Trinity Offering


Moses and God’s Name

September 29, 2019
29 Sep 2019

Exodus 1:8-14; 3:1-15

(watch here:

8Now a new king arose over Egypt, who did not know Joseph. 9He said to his people, ‘Look, the Israelite people are more numerous and more powerful than

we. 10Come, let us deal shrewdly with them, or they will increase and, in the event of war, join our enemies and fight against us and escape from the land.’ 11Therefore they set taskmasters over them to oppress them with forced labor. They built supply cities, Pithom and Rameses, for Pharaoh. 12But the more they were oppressed, the more they multiplied and spread, so that the Egyptians came to dread the Israelites. 13The Egyptians became ruthless in imposing tasks on the Israelites, 14and made their lives bitter with hard service in mortar and brick and in every kind of field labor. They were ruthless in all the tasks that they imposed on them.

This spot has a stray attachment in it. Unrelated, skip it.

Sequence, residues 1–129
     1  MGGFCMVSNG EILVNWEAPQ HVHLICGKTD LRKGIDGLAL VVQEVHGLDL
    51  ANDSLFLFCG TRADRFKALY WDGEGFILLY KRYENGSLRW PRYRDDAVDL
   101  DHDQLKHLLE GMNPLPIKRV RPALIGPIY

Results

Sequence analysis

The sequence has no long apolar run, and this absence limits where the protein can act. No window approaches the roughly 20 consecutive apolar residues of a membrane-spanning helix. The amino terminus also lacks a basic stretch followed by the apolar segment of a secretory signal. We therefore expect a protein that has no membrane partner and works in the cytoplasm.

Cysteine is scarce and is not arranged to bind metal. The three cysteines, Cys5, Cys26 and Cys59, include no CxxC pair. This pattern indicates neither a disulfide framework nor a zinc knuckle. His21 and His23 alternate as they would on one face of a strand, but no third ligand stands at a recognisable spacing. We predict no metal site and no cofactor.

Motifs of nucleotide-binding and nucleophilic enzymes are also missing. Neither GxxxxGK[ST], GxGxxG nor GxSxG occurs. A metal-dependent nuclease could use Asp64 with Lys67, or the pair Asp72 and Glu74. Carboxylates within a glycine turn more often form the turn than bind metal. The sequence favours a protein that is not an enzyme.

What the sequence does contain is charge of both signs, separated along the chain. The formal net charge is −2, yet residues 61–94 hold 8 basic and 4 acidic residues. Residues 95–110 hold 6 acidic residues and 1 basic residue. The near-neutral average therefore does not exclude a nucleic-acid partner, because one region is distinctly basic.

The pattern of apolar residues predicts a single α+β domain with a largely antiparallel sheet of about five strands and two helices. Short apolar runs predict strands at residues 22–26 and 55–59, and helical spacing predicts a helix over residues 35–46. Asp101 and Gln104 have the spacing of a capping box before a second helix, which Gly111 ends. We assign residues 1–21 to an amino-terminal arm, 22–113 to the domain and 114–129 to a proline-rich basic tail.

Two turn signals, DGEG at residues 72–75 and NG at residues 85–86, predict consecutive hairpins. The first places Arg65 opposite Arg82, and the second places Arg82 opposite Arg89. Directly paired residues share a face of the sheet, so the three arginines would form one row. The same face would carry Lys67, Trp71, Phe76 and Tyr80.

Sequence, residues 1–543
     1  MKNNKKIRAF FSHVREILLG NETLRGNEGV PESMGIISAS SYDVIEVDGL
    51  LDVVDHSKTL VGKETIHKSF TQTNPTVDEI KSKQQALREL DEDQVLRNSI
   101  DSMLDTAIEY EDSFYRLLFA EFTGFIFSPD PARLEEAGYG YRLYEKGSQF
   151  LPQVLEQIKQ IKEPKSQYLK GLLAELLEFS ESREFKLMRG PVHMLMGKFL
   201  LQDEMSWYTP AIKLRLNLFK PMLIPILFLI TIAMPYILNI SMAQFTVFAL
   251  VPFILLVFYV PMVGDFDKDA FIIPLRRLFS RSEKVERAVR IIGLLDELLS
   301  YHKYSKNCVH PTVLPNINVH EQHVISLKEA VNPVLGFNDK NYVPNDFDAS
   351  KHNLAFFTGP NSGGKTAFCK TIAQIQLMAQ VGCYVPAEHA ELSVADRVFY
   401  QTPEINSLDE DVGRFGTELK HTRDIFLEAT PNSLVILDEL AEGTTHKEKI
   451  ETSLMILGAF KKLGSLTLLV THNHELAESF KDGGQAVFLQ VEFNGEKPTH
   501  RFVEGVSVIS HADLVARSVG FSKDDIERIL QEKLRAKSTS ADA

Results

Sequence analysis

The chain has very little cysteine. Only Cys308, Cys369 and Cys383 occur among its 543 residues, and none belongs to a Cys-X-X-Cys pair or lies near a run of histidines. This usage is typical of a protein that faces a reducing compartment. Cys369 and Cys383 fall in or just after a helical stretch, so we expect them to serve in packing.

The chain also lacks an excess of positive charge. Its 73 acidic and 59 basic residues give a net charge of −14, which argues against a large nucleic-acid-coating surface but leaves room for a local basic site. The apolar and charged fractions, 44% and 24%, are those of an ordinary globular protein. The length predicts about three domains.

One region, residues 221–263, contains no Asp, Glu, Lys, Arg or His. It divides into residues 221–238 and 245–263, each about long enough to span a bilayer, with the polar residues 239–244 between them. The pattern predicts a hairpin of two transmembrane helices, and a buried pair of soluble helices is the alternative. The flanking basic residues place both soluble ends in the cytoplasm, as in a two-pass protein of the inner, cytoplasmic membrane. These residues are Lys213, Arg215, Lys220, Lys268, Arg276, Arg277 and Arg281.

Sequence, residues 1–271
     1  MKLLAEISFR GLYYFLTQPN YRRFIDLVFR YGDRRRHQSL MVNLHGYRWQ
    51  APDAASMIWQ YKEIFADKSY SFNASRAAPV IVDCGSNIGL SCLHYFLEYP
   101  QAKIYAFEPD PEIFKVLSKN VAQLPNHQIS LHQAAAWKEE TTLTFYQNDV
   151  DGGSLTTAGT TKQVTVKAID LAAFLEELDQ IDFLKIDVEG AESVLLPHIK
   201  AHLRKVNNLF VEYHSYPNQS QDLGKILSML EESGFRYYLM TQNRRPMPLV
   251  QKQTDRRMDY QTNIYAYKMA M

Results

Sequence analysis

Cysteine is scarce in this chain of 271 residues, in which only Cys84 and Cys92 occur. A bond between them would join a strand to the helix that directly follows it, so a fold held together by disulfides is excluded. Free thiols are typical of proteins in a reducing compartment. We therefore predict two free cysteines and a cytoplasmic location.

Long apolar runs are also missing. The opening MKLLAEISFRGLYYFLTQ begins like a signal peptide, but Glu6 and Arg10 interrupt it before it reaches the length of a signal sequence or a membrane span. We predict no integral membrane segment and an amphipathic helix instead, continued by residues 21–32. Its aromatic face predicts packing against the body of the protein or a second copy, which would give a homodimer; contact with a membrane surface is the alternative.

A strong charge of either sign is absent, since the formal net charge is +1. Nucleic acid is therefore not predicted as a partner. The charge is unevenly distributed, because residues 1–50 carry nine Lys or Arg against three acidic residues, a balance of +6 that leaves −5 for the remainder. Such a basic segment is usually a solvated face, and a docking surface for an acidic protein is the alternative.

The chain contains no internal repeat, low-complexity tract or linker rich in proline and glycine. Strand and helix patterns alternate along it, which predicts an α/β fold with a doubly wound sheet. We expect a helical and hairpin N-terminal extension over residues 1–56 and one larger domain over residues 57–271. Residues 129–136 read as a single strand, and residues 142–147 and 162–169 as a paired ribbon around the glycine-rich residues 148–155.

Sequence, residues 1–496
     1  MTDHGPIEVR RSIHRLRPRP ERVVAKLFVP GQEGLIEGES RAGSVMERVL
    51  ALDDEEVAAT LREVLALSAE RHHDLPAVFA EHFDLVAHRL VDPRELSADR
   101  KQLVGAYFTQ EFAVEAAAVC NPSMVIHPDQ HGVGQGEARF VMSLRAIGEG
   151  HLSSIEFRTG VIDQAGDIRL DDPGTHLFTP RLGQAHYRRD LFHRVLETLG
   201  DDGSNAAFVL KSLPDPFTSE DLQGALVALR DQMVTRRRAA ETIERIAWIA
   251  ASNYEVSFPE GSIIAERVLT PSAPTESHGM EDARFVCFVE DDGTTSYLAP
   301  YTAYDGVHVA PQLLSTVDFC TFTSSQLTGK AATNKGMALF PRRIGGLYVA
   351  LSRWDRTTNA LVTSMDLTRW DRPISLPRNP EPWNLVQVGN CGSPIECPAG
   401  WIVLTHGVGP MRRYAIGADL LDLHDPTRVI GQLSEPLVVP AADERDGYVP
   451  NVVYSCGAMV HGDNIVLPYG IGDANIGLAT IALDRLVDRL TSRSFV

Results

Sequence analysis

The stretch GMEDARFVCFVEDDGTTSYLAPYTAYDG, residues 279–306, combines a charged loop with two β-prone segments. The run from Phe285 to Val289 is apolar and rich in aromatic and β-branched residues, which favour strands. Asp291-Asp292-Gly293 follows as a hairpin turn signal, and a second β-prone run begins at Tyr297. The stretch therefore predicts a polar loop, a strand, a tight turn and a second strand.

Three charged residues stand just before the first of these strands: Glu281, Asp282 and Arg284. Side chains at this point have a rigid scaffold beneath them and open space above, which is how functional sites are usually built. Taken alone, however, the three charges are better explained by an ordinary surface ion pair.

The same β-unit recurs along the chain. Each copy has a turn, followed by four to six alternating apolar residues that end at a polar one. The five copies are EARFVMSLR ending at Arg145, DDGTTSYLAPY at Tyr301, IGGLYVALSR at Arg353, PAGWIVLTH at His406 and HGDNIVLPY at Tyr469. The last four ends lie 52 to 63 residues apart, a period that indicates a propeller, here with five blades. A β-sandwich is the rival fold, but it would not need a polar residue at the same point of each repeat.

Moses was keeping the flock of his father-in-law Jethro, the priest of Midian; he led his flock beyond the wilderness, and came to Horeb, the mountain of God. 2There the angel of the Lord appeared to him in a flame of fire out of a bush; he looked, and the bush was blazing, yet it was not consumed. 3Then Moses said, ‘I must turn aside and look at this great sight, and see why the bush is not burned up.’ 4When the Lord saw that he had turned aside to see, God called to him out of the bush, ‘Moses, Moses!’ And he said, ‘Here I am.’ 5Then he said, ‘Come no closer! Remove the sandals from your feet, for the place on which you are standing is holy ground.’ 6He said further, ‘I am the God of your father, the God of Abraham, the God of Isaac, and the God of Jacob.’ And Moses hid his face, for he was afraid to look at God.